In the end, the anticipated Democratic “blue wave” was more of a blue trickle. Against the backdrop of Donald Trump’s historically unpopular presidency, Democrats regained control of the House of Representatives, as predicted by most polls, but lost two Senate seats, despite getting some 8 million more votes than the Republicans.
Democrats won key gubernatorial races in places like Wisconsin, Kansas and Nevada, but high-profile black candidates Andrew Gillum and Stacey Abrams fell agonisingly short in Florida and Georgia respectively. So too did rising star Beto O’Rourke, who very nearly robbed former presidential hopeful Ted Cruz of his Texas Senate seat.
With a confusing and fractious set of results to match a fractured nation, no clear post-election narrative has emerged. As FiveThirtyEight’s election wonk Nate Silver tweeted, “This is the hardest election ever about which to write hot takes”. And so, news outlets have created their own narratives about the midterms, ranging from muted optimism among progressive-leaning outlets, to a more Trump-friendly line taken by the Murdoch press.
The Blue Wave
Traditionally progressive outlets treated Tuesday’s results with cautious optimism, noting the real damage a Democratic House could do to Trump’s agenda.
“Things could get ugly for Donald Trump”, wrote ABC North America correspondent Stephanie March, while noting “the results will allow both parties to spin the results in their favour”.
Appearing on ABC’s The Drum, University of Sydney academic and former Democratic staffer Christopher Neff argued the election was “a historic check on the Trump Administration”. “They have lost the House of Representatives. I think that check redefines his presidency, and hopefully reestablishes American values around the world”.
Foreign publications also put a positive spin on the Democrats’ performance. The New York Times, for example, noted that in the face of structural disadvantages, the Democratic gain was more impressive than results indicate, while The Guardian praised the results as “a welcome start”.
Fairfax had a more muted take. Matthew Knott, who has been covering the midterms on the ground, wrote that the results should serve as “a blaring wake-up call to both Donald Trump and the Democratic Party”.
Meanwhile, former Fairfax US correspondent Nick O’Malley noted the centrality of racism to the GOP’s showing, arguing that the President’s aggressive race-baiting — a caravan of Central American migrants became a central motif in the Republican campaign — helped rev up the base and expand the party’s Senate majority.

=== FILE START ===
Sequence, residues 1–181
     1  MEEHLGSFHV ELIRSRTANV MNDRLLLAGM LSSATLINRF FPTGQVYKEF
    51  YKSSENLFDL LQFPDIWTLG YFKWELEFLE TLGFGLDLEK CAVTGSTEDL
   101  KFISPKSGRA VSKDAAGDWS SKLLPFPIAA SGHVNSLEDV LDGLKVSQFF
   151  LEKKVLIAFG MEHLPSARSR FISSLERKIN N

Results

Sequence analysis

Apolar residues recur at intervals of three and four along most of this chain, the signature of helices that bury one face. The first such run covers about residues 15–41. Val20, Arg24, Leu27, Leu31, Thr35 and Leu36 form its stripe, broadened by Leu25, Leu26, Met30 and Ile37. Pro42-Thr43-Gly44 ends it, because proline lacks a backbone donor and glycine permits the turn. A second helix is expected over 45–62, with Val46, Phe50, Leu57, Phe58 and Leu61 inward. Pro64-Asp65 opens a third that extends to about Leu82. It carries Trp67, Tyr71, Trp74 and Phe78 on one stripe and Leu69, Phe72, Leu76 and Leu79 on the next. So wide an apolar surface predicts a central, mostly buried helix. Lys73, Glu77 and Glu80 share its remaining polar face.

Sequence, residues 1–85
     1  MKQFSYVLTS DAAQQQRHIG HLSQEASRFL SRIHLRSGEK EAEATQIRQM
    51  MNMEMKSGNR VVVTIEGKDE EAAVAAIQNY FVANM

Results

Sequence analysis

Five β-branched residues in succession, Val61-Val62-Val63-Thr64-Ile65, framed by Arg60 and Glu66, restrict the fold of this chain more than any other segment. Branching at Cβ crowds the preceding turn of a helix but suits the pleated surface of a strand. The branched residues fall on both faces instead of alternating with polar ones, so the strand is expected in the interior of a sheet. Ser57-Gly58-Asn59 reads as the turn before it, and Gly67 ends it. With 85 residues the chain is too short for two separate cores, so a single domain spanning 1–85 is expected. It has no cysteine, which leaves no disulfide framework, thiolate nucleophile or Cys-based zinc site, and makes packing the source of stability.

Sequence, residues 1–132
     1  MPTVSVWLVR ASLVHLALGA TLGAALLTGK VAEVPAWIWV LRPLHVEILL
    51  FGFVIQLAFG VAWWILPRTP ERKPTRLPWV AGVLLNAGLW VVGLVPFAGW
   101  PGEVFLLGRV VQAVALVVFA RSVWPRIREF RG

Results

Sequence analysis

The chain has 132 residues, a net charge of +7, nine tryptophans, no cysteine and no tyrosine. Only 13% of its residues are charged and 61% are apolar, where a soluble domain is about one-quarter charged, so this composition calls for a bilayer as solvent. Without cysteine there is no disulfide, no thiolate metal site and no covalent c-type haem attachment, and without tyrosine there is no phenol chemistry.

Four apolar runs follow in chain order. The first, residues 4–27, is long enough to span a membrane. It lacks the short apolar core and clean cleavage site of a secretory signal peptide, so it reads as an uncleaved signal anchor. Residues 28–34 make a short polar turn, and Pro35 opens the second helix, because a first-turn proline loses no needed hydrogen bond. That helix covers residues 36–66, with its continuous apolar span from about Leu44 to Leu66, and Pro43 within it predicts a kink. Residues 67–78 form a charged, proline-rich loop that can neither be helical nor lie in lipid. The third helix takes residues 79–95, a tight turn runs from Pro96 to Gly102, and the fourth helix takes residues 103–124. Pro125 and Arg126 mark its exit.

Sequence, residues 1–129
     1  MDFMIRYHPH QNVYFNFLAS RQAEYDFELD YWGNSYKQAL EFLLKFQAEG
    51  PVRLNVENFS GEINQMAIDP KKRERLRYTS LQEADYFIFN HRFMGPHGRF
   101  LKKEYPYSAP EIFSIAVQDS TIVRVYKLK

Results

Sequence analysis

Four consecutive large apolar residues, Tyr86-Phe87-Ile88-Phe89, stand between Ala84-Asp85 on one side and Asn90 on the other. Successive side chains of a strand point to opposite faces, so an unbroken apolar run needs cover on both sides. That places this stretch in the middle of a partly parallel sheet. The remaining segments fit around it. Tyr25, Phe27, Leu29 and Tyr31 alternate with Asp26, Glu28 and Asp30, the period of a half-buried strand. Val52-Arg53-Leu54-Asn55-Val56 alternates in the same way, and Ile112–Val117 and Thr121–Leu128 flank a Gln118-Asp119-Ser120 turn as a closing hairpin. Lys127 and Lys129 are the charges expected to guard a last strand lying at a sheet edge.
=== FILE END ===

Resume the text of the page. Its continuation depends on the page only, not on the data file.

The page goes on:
The Big Victory
Unsurprisingly, Donald Trump took to Twitter to voice his excitement about the “Big Victory”.
This cynicism of Trump’s attempt to gloss over his House losses, coming in spite of a recovering economy, wasn’t lost on journalists. A New York Times article syndicated in the Herald compared the President’s diagnosis with that of his predecessors, Barack Obama and George Bush, who saw the results as a “shellacking” and a “thumpin’” respectively.
Still, many among the News Corp commentariat in Australia offered a variation on the Big Victory line.
Over on Sky News, Daily Telegraph opinion editor James Morrow reminded viewers that both Bill Clinton and Barack Obama both oversaw significant midterms losses two years into their first terms. “For a president with popularity ratings that aren’t great, who’s very divisive, who has a media that is largely opposed to him, he did pretty well,” Morrow said.
Writing in the Telegraph, Morrow argued that the Republicans “won big in ways they weren’t supposed to”, as voters rejected the Democrats’ capture “by an angry, progressive, Socialist left”.
The Australian’s Greg Sheridan concluded that the results spelled “a very good result for Trump overall, and a return to normal in American politics”. “Trump’s style and tone remain unique, sometimes brilliant and sometimes repellent,” he went on.
Perhaps most bizarrely, The Australian’s business columnist Robert Gottliebsen concluded that the markets apparently agreed with Trump’s interpretation of the results. “Rarely have we seen such a ringing endorsement by markets of a sitting president,” Gottliebsen said.
Divided results for a divided country
According to Vox reporter Zack Beauchamp, the midterms are evidence of America’s “cold civil war“, one fought between two camps with fundamentally different senses of identity and visions for the country. Republicans and Democrats, writes Beauchamp, inhabit different political realities and believe in different narratives, driven by their consumption of different media.
In their coverage of the midterms, Australian outlets have, to an extent, imported this division. But the problem with an election like this one is that no single narrative neatly fits the results on the ground.